Derek Howie
Derek Howie 29 January 2015
Categories Content

Write Short: How To Write Like Hemingway And Dahl

Learn how to improve your writing and keep your audience coming back for more - by writing short.

Whether you’re a content marketer, PR or copywriter, there’s one surefire way to improve your writing and keep your audience happy – write short.

Writing short sentences in a simple, straightforward manner is something a lot of writers struggle with. And over the years, I’ve found a lot of businesses struggle with it too.

When writing copy for a website or creating a blog post as part of your content marketing strategy, it’s understandable that you want to come across as intelligent and professional as possible.

Your Content Isn’t For You; It’s For Your Audience

But what you’ve got to remember is that your content isn’t for you; it’s for your audience. And with so much going on in their busy lives, they want to scan your post as quickly as possible (yes, that post you’ve spent hours on).

It’s long been said that content is king, but as Roy Peter Clark says in his excellent book How to Write Short, “In the digital age, short writing is king.”

Simply put, short writing is much more effective than writing content packed with long, flowery words.

Don’t just take my word for it though. Ernest Hemingway and Roald Dahl, two of the greatest writers to ever live, both knew the importance of writing short, snappy sentences.

Hemingway was famous for his minimalist style of writing and use of short sentences, while Dahl was renowned for his simple, irreverent prose.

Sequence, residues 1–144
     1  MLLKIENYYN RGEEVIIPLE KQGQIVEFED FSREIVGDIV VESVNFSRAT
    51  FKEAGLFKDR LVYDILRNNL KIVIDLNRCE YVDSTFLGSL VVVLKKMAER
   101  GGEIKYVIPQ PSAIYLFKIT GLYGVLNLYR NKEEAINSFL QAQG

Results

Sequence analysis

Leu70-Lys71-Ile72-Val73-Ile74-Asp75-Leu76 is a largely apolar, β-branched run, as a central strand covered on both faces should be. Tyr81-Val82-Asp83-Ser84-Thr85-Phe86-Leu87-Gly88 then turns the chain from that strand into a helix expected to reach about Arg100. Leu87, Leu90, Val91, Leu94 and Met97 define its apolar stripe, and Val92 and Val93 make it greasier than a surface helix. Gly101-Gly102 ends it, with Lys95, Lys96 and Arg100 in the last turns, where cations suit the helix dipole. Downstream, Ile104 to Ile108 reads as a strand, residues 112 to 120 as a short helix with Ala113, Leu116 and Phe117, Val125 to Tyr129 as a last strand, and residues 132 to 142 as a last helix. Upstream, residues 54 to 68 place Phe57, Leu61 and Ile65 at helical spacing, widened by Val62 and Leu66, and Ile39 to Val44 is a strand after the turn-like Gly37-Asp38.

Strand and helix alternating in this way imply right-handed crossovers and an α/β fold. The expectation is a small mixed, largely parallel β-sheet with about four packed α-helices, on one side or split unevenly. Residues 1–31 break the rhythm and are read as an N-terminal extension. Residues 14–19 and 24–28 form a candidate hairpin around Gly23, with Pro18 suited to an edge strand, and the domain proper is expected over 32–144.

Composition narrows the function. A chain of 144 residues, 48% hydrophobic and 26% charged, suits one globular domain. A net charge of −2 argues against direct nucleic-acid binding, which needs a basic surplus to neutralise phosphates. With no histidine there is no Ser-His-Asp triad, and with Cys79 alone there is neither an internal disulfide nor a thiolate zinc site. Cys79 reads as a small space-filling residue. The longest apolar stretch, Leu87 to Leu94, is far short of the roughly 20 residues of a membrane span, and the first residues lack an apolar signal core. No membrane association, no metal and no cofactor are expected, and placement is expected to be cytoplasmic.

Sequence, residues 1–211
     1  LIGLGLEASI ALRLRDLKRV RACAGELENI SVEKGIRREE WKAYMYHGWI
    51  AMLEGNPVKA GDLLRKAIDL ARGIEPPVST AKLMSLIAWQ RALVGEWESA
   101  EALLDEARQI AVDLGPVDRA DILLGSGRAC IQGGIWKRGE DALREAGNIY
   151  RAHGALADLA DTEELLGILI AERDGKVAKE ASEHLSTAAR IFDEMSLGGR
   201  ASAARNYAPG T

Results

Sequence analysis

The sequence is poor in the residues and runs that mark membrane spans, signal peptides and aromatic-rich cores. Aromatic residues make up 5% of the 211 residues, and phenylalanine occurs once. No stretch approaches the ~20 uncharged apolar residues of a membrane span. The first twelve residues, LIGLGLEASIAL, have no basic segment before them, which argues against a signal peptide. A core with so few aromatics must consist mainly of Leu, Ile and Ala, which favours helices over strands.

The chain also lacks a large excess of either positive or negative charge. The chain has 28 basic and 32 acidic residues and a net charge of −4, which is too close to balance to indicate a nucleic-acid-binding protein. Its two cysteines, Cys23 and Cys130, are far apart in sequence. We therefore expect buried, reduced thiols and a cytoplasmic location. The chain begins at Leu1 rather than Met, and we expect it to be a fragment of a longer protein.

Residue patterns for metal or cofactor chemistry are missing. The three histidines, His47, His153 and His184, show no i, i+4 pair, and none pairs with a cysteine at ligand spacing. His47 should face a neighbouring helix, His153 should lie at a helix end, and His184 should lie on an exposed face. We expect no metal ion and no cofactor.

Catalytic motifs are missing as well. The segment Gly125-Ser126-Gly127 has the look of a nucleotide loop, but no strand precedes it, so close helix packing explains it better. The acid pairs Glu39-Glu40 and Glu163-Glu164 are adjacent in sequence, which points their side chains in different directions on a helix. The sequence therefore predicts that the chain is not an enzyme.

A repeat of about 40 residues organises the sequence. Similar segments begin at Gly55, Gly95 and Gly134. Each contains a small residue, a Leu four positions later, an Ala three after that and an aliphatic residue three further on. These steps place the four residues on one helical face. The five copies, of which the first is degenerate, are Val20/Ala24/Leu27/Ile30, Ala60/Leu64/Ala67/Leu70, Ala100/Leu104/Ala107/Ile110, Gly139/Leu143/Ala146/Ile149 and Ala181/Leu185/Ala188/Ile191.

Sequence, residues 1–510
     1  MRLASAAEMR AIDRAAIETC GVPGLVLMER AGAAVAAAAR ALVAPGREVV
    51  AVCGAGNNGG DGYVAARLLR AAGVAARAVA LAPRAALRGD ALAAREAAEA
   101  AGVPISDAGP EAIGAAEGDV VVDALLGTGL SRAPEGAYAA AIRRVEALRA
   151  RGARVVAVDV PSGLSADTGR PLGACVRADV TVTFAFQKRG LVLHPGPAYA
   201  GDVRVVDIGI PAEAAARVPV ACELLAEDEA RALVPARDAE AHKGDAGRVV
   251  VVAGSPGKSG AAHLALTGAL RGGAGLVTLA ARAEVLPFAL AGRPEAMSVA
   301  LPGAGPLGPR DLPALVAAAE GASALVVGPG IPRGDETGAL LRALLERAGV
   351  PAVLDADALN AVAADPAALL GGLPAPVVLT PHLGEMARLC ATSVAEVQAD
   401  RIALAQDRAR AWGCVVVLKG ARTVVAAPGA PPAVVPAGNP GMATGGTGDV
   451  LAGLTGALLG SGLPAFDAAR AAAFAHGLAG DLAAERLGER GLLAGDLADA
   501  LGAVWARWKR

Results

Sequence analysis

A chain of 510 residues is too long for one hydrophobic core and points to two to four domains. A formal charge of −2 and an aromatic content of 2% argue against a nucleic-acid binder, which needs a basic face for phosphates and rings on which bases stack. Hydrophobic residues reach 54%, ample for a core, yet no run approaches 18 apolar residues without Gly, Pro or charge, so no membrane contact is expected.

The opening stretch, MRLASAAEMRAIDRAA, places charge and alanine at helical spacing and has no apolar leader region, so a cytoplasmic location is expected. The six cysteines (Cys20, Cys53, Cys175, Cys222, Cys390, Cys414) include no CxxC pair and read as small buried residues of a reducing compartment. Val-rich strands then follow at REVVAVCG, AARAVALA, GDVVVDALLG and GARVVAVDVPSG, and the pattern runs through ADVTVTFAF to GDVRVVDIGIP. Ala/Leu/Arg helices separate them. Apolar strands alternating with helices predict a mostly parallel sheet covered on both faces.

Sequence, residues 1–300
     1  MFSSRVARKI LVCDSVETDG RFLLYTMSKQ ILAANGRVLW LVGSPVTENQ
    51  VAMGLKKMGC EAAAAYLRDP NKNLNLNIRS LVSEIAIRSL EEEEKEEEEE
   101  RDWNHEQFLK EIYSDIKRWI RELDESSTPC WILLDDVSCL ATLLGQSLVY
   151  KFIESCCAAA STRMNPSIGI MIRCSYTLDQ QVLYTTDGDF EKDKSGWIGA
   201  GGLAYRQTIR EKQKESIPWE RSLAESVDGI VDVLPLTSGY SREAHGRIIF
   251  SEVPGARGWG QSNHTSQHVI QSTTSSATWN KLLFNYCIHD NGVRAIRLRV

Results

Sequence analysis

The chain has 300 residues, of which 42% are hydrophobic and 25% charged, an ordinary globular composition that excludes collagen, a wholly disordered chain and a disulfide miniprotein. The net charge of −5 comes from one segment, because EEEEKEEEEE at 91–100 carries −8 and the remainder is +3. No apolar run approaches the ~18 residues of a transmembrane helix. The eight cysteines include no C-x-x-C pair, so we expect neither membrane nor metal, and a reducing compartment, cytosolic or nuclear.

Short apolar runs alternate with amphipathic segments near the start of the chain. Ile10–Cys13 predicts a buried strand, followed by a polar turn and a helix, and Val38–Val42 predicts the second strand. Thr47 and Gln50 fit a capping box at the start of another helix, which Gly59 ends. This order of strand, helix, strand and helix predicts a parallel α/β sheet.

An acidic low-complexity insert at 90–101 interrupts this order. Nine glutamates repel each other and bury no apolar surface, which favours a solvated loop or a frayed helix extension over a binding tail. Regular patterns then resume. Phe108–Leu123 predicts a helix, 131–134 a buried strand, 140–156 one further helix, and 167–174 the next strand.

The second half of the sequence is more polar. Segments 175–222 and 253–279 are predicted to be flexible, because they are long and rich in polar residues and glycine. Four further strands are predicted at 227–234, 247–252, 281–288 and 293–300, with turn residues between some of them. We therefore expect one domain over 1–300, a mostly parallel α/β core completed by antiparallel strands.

I got the inspiration for this post after Jay Williams, Content Director with national news PR specialists, tweeted a letter that Roald Dahl sent him when he was a boy.

In the letter, which you can see in the image above, Dahl says:


"I have read your story. I don’t think it’s bad, but you must stop using too many adjectives. Study Hemingway, particularly his early work and learn how to write short sentences and how to eschew all these beastly adjectives. Surely it is better to say “She was a tall girl with a bosom” than “She was a tall girl with a shapely, prominent bosom”, or some such rubbish. The first one says it all."

Learn How To Write Short Sentences

There are so many things to love about Dahl’s letter but it’s his advice to “learn how to write short sentences” that resonates with me.

And as the man himself says, the best place to start is with Hemingway, the master of short, simple sentences.

Hemingway’s minimalist writing style was almost journalistic; crafted as a reporter for The Kansas City Star.

Likewise, I honed my writing style while studying journalism at college and university.

Here’s just some of the techniques I learned to make my writing as clear, concise and conversational as possible:

  1. Cut, cut and cut again. Lose the clutter and excess fat from your article and make every word count.

  2. Don’t be afraid to use contractions. See what I did there?

  3. Read the best articles, books and blog posts you can. Listen to Dahl – start with Hemingway.

  4. Make sure your content is written for your audience, not for you.

  5. Read your article or blog post aloud. You might not spot long-winded sentences until you actually hear them.

  6. Break it up. Use standfirsts, subheads, images and lists to break up the flow of your text.

Once you’ve absorbed all this advice, see if your writing is as good as Hemingway’s using the Hemingway app. You should aim for a Grade Level less than 10 for ‘bold, clear writing’. For those interested, this post is Grade 9.


If you want more tips on how to write like Hemingway, there’s a brilliant blog post on copyblogger, Ernest Hemingway’s Top 5 Tips for Writing Well.

Photo courtesy of Florida Keys – Public Libraries under CC BY 2.0

About The Author:

Follow Derek Howie on Twitter.

This article originally appeared on LinkedIn Pulse on January 21 2015.

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